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Throwback Thursday: Surviving Your First Film Market

Dear Filmmaker: you really need to start learning about this end of the business.

In November I went to my very first American Film Market.  If you’re a filmmaker or any kind of “content creator,” you really need to start learning about this end of the business.  I’m still a neophyte, so this is less a definitive guide and more of a set of observations and tips that I picked up while there.


Check out the accompanying podcast to this article: That PVC Show – Surviving Your First Film Market for a deep dive into this topic.

The view from the deck of the Loews Hotel.  Not a bad reason to go : )



Markets really exist to connect sales agents to distributors to exhibitors to higher-up producers.  It’s a business-to-business convention, as opposed to film festivals, which are focused on interactions between filmmakers, fans, press, the local business/non-profit community, and (sometimes) distributors.  Markets are where sales agencies display their wares to foreign (and sometimes domestic) buyers, then buy projects (usually completed ones) from sellers.  There are often seminars, social get-togethers, buyer screenings, and other events.  But much of the action happens in a series of hotel rooms, offices, or pavilions, where agencies display their key art and trailers, and host quick meetings (scheduled and unscheduled) with folks ranging from studio-level bigwigs down to people like you and me.

This can be a bit of a head-turner (or a straight-up turn-off) to folks who make movies.  This is where, as the saying goes, “the sausage is made.”  But as filmmakers keep getting pushed into the business of selling and distributing movies, you might as well learn how to survive and thrive at a market.


If you have a completed film and you don’t have a distributor, you’re in a very strong position.  You have something that sales agents will be interested in looking at adding to their library of films, hopefully to sell at the next market (if not before).  You should go.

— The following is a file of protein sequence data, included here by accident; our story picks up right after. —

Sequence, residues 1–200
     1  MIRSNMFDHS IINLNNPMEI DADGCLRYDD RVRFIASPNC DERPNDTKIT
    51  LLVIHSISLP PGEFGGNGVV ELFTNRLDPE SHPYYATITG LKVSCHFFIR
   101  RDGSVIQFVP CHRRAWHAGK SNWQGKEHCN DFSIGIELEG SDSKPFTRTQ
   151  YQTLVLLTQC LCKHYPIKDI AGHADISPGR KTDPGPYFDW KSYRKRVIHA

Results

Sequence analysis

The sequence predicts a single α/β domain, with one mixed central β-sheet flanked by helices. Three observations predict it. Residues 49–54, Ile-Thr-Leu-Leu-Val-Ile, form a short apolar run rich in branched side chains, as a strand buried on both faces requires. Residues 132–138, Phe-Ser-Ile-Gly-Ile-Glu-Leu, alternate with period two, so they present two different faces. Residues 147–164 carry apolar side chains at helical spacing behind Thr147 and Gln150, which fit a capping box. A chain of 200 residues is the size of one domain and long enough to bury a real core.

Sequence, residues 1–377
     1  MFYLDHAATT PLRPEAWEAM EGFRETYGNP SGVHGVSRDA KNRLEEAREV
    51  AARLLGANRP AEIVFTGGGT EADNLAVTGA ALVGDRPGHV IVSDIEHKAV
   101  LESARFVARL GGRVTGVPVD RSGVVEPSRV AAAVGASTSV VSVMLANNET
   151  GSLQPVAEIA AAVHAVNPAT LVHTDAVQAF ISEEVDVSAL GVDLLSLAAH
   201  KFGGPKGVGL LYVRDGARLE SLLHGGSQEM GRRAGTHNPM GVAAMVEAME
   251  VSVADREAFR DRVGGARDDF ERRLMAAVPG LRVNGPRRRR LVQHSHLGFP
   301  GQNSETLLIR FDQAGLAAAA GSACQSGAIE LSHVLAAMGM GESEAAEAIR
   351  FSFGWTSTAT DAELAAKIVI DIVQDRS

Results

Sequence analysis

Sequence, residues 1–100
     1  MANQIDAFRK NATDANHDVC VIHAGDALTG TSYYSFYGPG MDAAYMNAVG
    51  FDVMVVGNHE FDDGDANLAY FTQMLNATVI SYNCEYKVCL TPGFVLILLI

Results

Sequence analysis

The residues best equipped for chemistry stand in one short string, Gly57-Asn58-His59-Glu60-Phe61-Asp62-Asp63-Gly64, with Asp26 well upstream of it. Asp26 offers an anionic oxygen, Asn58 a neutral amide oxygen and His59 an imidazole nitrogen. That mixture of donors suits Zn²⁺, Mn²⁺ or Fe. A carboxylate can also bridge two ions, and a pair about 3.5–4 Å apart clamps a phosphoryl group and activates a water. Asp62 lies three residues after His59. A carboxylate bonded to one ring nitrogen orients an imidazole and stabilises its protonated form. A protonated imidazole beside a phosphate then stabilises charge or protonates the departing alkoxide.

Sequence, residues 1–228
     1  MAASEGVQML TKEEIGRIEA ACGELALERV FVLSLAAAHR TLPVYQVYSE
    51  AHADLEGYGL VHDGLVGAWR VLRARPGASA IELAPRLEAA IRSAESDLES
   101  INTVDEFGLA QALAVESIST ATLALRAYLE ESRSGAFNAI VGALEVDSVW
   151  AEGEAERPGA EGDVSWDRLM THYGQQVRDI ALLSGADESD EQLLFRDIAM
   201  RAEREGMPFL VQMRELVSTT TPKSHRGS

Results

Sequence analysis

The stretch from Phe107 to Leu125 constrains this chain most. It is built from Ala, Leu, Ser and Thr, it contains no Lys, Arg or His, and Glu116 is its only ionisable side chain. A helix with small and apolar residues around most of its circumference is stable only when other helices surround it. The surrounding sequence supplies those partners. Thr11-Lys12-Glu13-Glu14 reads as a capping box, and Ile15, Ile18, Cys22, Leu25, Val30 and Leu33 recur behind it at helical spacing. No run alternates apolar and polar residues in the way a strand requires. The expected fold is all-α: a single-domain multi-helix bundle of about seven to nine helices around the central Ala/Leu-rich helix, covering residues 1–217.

If you have a project with some funding behind it and any kind of attachments (cast), you could be in a good position.  A sales agent will certainly take a look at it and may even be able to come aboard in some capacity.  They may be able to pre-sell the film to different territories (which can lead to financing).  Or they may be able to partner up with you.

If you have a script but nothing else, you can certainly go, but look at it as more of an exploratory, let’s connect with people mission.  Most sales agencies are small, low-margin businesses, and they don’t have cash to spread on investing in films, unless you have a good track record and are making the film for “the right price.”

If you don’t have a project, but you want to network, think carefully.  The seminars are interesting, and AFM’s three-day pass is cheap ($295), but if you don’t live in LA you’ll have to factor in travel, lodging, food, and missed work expenses.  It may still be worthwhile as an educational experience.



Let’s say you’ve got a project (in whatever state it’s in).  The first thing you need to put together are five elements:

  • A trailer or sizzle reel — keep it to 2 minutes or less
  • A one-sheet — this is a letter-sized sheet of heavy stock (don’t do what I did and print it on ordinary paper) with a poster of your film on one side, and information about it (logline, synopsis, brief bio, attachments if you have any, contact info) on the other
  • A pitch — you’ll want to come up with a fairly scripted verbal bite-sized encapsulation of your story.  Keep it short and to the point, less than 90 seconds if you can.  I rehearsed the pitch a lot, until I knew it well.  Then I could vary it a little bit (if I was talking to an agent who liked horror, I could emphasize the horror angle; if I was talking to an agent who liked supernatural/ghost stories, I could lean in that direction).
  • Business cards

I had two projects to pitch, a mini-series (Spectral City) and an indie supernatural thriller (Bitter Child).  So I made up one-sheets for both projects.  I did the posters in Photoshop at a very large page size, then shrank them down to letter-size.  When making print work, talk to whoever will be duplicating your one-sheets and make sure that you’re working in the right color space (CMYK is for most print work, RGB is for online/web stuff), and resolution (web resolution is 72dpi, print is typically 150-300dpi).  For Bitter Child in particular, I studied other supernatural thriller posters and tried to make mine look like those.  Originality is not always a selling point at markets.